Timothy Sawdon (known as Soggy) was one of Mrs Angus's two brothers. He could be seen around the school but at the time I never understood who he was nor what his function might be. Occasionally he would give a music appreciation class, which would be a disaster because he was completely incapable of controlling a class, and furthermore because few boys (of my generation, and at that age) are disposed to appreciate classical music.
As well as being helpless in front of boys, he had a nervous twitch that boys would unkindly mimic.
He used to come into the library sometimes to play Mozart on the piano. I didn't recognize the music at the time, but years later I was reminded of that library on hearing Mozart. He didn't mind sharing the library with me because I didn't cause trouble: I read my book, he played his music, all serene. Perhaps he imagined that I enjoyed his music, but in fact I was concentrating on my book and wasn't kind enough to think of complimenting him. I was a boy, after all.
John says that he was an Old Blundellian: he went to Blundell's School in Devon, as John and I both did after leaving Stouts Hill.
I can only remember Mr Reg Sawden as Mrs Joane angus's brother. He was deaf and dumb and masters communicated with him through sign language.
He had a small Red motor cycle and was very fond of it and very often showed it off to us boys. He often came into our class room and we cracked jokes with him. He did a lot of jobs around the school and I think metal work. He dressed in a tweed suit and plus fours for motor cycling. Period 1946-51
Was his name Mr Sawden? There was a deaf and Dumb brother who was said to have made the two model battleships that were displayed i glass cases outside the blue dining room.
Soggy was clearly the oddest or perhaps most eccentric person at Stouts Hill, but towards the end of my time at the school I appreciated that there was more to him than met the eye perhaps due to hearing him play some classical music that I did like; he was defintiely a good pianist.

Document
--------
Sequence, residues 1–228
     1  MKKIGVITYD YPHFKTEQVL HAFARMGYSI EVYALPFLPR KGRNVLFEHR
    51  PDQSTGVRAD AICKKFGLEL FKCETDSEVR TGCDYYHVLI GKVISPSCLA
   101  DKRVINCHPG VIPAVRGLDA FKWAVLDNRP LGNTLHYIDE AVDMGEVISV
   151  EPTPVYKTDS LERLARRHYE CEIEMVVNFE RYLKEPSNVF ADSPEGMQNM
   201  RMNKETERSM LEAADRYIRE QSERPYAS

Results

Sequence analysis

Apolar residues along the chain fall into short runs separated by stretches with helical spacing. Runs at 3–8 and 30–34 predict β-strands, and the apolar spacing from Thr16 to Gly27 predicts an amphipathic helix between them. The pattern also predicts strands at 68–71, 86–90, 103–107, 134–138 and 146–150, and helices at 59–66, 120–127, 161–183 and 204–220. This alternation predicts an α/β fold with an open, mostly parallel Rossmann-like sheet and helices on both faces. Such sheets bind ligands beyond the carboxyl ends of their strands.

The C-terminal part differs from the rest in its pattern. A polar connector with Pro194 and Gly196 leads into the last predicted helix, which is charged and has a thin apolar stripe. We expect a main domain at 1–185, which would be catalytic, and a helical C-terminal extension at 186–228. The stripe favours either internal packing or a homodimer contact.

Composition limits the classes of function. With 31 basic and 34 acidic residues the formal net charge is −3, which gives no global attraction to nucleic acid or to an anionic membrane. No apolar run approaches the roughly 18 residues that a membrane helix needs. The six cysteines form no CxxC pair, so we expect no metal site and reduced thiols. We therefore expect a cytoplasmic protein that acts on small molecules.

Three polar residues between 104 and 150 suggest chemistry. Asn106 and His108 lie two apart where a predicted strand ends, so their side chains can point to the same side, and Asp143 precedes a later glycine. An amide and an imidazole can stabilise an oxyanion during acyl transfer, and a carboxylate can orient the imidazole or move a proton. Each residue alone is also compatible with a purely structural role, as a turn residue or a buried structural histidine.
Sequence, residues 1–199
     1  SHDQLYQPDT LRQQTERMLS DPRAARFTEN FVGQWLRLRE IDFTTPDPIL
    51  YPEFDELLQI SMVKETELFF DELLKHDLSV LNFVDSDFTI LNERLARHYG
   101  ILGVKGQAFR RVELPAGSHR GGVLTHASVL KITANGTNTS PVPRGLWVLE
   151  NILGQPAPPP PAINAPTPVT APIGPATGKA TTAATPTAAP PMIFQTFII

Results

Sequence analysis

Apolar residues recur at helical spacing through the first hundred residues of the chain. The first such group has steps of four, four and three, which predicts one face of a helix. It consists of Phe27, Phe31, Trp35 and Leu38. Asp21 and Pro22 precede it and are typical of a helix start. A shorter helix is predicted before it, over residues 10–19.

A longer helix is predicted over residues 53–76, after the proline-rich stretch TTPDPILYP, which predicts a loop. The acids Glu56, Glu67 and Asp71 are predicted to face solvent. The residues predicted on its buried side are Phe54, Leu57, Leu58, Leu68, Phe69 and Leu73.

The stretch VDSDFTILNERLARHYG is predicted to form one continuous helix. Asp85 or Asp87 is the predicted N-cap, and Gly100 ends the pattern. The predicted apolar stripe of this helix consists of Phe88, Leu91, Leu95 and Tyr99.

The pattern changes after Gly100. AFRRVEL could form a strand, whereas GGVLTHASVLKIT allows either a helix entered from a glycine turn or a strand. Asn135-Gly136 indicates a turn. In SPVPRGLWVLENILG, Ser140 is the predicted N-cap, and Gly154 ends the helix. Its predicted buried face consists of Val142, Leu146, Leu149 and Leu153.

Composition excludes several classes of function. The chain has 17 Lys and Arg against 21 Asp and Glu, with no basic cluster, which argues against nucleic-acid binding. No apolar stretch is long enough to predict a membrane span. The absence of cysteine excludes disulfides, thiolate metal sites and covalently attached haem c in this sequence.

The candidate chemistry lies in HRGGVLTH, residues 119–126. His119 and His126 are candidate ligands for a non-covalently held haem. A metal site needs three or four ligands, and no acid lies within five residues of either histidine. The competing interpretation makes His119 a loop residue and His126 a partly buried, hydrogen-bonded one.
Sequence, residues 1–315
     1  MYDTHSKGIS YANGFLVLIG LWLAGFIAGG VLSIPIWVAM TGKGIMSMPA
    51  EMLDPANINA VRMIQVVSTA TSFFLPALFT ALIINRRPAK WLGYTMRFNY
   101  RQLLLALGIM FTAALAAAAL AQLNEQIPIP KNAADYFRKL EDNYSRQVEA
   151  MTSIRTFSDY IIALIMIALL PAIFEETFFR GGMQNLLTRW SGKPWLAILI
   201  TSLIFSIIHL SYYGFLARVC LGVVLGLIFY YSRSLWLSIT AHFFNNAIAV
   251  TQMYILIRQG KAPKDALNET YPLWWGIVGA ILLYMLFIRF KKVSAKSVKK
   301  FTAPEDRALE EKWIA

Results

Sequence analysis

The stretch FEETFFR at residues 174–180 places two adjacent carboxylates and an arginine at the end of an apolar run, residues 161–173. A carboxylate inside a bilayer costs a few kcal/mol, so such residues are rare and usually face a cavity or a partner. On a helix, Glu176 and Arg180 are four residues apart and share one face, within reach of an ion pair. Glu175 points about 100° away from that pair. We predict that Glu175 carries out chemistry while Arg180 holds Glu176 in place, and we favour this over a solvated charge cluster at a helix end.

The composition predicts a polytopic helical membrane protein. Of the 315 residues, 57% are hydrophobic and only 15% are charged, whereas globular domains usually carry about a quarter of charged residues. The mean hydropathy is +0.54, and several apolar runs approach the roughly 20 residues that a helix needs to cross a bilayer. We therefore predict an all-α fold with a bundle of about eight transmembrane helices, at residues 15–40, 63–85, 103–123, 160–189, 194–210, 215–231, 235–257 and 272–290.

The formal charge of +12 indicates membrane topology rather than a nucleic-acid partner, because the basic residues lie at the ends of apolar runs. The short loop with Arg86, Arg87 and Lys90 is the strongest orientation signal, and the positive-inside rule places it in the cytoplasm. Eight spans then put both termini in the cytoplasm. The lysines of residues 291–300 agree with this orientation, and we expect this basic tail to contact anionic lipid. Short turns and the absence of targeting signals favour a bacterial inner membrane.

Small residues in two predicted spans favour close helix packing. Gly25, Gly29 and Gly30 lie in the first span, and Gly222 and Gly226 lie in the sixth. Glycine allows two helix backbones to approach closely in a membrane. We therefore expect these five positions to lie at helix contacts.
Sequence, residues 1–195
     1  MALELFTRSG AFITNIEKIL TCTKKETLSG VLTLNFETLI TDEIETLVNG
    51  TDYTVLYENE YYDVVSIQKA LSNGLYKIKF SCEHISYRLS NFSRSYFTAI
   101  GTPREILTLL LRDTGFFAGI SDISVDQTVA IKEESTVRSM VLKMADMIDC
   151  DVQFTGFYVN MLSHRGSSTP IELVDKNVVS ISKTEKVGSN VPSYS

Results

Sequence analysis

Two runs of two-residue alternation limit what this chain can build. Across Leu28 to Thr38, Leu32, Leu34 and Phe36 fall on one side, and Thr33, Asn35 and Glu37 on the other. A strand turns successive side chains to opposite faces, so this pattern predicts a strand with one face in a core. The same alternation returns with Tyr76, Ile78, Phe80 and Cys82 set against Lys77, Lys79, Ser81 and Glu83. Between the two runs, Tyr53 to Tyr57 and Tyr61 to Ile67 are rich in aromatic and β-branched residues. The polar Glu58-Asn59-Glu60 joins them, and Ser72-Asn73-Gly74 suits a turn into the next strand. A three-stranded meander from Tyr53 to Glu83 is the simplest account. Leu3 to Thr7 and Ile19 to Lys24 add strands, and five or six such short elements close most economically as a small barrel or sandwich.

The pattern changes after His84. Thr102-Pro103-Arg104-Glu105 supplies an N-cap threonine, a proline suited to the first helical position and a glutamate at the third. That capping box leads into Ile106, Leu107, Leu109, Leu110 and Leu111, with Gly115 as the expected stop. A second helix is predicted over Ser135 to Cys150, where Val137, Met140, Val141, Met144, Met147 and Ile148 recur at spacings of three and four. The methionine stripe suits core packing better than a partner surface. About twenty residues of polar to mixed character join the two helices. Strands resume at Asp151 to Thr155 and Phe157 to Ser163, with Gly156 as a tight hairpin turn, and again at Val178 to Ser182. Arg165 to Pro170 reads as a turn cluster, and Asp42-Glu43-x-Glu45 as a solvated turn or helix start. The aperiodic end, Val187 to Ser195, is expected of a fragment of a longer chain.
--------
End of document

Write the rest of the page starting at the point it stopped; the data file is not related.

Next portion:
I remember having a long chat with Sue Cromie about all kinds of things including "Soggy" and she told me that he used to be called "froggy" as, because of his swimming skills, he used to swim round the pool catching all the frogs that fell in.
He also used to talk a lot to that colourful parrot that lived near the door to the cellar, and I have an vaguish memory that "Silly Soggy!" was one of the things that the parrot used to say. Perhaps the name got transposed?
I've a few colour photos of various staff etc watching people swimming in about 1972 and Tim is sitting there very smartly dressed in a pair of elegant sunglasses. Not really the way most of us would remember him.
I remember him well.He really did get a hard time, but I think he probably played the piano quite well .I'm not sure what his other duties were, but he didn't get on at all with Abby(Xavier?)who with his wife Celia was to me quite the soul of kindness.Also very strong and very smelly,even in those days of aromas which we should nowadays find quite overwhelming.
I remeber old 'soggy' very well. I was in the main house for several years and Cromie used to talk to the parrot in the hall at night and taught him to say "silly old soggy' if my memory serves me correctly.
I think you will find that Timothy Sawdon was Mrs Angus's cousin rather than brother. One summer holiday I drove him in my little A35 to visit his parents in Buxton. He was intelligent and talented under the twitch.
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